How to Balance a Full Course load at the HNC with an Internship

How to Balance a Full Course load at the HNC with an Internship

Master of Arts in International Studies (MAIS) student Albert Heidecke shares his best tips on balancing a full course load with an internship while studying at the Hopkins-Nanjing Center. 

Just like any graduate program, the Hopkins-Nanjing Center attracts students who have a wide range of professional and academic backgrounds. Some students may have nearly a decade of work experience, while others may have only finished undergraduate study just before matriculating at the HNC.

I could spend an hour talking about the merits of going straight to graduate school after undergrad or taking time off to gain work experience – but that’s for another blog post. The fact is that work experience is important. To play off the old phrase: 工作经验不是万能的,但没有工作经验是万万不能的 – work experience isn’t everything, but you must have some. 

Most MAIS students at the HNC opt for interning full-time during the summer months between their first and second year, and for many people that’s enough. But if you’re like me, two to three months of full-time work isn’t enough to ease concerns of being stuck with entry-level jobs post-graduation. There’s a natural solution to this conundrum, and that’s to intern part-time while in school. 

Why do such a thing? 
    1.     Better chances of scoring a great internship: During the academic year, less people are looking for internships. This means hiring managers are filtering through less applications. 
    2.     More internships: If you choose to only pursue an internship during the summer months, you’re probably stuck with only one internship. By interning year-round, you can explore more opportunities that you may have not considered if you were only planning on one internship.
    3.     More work experience: Needless to say, you’ll have more work experience if you take on more internships. 
    4.     Because we can: The COVID-19 pandemic has normalized remote work. There are more opportunities than ever before to carry out a remote internship from anywhere.

But there’s a critical aspect of making the leap into part-time-potentially-unpaid-intern life while enrolled full time at the Hopkins-Nanjing Center that cannot be overlooked: balance. Being a graduate student is very much like a full-time job, and it is of the upmost importance to treat it as such.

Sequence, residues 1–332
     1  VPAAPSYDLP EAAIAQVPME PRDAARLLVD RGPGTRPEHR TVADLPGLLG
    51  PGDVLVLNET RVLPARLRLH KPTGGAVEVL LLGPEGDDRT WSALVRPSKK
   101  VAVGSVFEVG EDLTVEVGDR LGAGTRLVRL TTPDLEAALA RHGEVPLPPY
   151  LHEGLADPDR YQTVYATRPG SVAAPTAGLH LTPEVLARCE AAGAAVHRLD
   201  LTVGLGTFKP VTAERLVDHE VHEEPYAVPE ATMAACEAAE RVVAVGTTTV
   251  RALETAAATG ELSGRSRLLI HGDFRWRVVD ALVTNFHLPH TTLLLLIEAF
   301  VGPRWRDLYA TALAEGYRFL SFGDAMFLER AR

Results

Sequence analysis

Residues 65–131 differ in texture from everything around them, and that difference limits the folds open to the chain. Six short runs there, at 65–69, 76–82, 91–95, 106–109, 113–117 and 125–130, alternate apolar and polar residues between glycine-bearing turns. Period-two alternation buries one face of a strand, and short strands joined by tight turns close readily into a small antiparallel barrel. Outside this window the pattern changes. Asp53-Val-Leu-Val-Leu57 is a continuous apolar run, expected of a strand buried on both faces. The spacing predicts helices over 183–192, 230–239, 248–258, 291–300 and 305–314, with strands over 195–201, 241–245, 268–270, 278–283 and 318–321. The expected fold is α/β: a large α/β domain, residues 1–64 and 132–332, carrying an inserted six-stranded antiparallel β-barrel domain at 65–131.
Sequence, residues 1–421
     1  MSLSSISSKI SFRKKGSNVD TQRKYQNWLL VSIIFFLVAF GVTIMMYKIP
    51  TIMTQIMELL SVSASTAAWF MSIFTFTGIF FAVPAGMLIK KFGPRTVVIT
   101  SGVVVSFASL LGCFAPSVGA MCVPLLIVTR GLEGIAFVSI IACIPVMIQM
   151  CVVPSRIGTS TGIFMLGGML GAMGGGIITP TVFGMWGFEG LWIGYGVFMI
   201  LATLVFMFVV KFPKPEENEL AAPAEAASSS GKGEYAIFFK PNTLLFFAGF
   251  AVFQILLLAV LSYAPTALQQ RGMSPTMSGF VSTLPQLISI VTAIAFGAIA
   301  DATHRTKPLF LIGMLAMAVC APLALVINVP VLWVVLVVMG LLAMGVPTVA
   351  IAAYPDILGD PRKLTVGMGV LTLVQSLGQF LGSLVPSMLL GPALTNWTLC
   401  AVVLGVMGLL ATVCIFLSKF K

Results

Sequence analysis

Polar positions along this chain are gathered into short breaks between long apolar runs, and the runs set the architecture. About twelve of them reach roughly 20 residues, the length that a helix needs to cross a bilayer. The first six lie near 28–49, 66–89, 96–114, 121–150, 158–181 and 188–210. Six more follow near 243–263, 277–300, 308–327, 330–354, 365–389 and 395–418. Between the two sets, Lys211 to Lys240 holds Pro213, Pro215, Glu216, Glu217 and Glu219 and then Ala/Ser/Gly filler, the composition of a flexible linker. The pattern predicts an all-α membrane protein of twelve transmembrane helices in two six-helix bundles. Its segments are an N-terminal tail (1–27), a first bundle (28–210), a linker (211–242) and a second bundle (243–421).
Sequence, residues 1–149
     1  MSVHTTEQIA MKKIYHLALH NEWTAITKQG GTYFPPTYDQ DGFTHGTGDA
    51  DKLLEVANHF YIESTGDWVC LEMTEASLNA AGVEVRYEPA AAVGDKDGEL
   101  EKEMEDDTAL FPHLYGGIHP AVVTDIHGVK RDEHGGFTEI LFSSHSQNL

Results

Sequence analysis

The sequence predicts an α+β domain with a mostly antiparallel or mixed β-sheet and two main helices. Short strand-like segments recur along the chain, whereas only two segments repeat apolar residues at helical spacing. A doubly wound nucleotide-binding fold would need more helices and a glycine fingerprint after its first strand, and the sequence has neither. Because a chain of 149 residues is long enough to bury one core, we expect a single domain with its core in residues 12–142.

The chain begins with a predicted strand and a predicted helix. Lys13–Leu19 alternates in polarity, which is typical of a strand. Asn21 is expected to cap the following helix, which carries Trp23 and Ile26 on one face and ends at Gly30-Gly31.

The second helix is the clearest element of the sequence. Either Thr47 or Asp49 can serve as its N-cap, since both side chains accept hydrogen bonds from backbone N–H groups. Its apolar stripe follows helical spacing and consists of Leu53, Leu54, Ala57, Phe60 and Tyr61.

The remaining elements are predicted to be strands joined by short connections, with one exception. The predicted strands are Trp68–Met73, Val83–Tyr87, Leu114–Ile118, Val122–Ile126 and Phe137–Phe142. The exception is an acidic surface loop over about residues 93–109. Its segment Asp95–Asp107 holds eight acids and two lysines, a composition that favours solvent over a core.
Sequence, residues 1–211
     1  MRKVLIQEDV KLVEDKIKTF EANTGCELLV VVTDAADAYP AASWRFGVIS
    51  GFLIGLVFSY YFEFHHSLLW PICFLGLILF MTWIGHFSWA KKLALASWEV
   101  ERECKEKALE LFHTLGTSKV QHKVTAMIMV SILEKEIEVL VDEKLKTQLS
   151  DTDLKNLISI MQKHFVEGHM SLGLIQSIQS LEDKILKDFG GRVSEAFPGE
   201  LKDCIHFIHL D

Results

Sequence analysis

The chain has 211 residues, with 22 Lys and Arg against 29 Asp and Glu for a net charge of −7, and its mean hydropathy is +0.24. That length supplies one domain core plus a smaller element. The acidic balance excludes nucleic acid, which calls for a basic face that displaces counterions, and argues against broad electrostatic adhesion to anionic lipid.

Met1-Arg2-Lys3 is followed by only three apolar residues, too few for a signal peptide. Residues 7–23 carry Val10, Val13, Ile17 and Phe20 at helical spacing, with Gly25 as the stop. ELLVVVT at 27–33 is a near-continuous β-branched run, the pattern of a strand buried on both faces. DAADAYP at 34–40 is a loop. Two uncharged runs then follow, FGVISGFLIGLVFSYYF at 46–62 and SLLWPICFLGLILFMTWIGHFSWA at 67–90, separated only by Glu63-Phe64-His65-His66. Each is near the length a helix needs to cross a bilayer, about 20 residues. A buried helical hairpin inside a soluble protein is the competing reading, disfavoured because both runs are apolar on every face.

By taking on internships during school, you run the risk of spreading yourself too thin. Loading up on too many responsibilities may leave you in a desperate scramble to stay on top of your studies, school projects, assignments, and work obligations. Inevitably, this will affect the quality of your work and the quality of your learning. 

If interning during school is starting to sound hard, that’s because it is. But as the saying goes, 有志者事竟成 – where there’s a will, there’s a way. 
Here’s what I’ve learned while trying to balance my part-time 20 hours per week with school and a work-study job at the HNC:

Consider your time commitments. Before you commit to your new busier-than-ever lifestyle, plan meticulously. It’s said that every hour of class should correspond to two hours of study. That means three hours for each of the HNC’s one-and-a-half hour courses. Don’t forget that you need to actually go to class as well. And remember that you’ll have homework that falls outside of study time. So, if you’re taking four classes at the Hopkins-Nanjing Center, prepare to spend at least 18 hours in class and studying. To be safe, round that up to twenty hours. 

Draft a daily schedule. If you’d like to retain your weekend, then you’re looking at an average of four hours of school and study Monday through Friday, at least. Don’t forget that you need to set aside seven to eight hours for your beauty sleep, time for three square meals and a gym session. Draft a daily schedule, and stick to it. Be honest with yourself about the limitations of your daily schedule and how well you’ll be able to stick to it. 

Communicate with your prospective employers. Be honest with your prospective employers about how much time you can commit to interning with them. If you can’t stomach more than 15 hours per week, you should under no circumstance tell them that you can work 20 hours. It’s important to define the terms of your professional relationship with your employer before you start the internship. Nobody wants an intern that’s flip-flopping on their time commitment to the company. 

Apply for internships that are relevant to your study. Finding internships that are relevant to your study at the Hopkins-Nanjing Center will make it easier to ‘switch gears’ between work and study. If your work has a China focus or opportunities to utilize your Chinese language skills, you may find that there is a naturally occurring overlap between your studies at the HNC and your work responsibilities. You can use what you learn at work to aid you at school and use what you learn in school to aid you at work – 活学活用.

Take time to relax. You’re going to be busy, and it’s important to spare some time for yourself to relax. Take time every day to clear your head, take a nap, go for a walk, or visit a café. ‘You-time’ is just as important as your other obligations.  

Taking on a part-time internship while studying full-time at the HNC isn’t easy, but the potential rewards are huge. More experience, more hands-on learning, and a head-start on your career. 
If you’re thinking about taking on a part-time internship, consider visiting the Career Center to talk about developing your own strategy for success.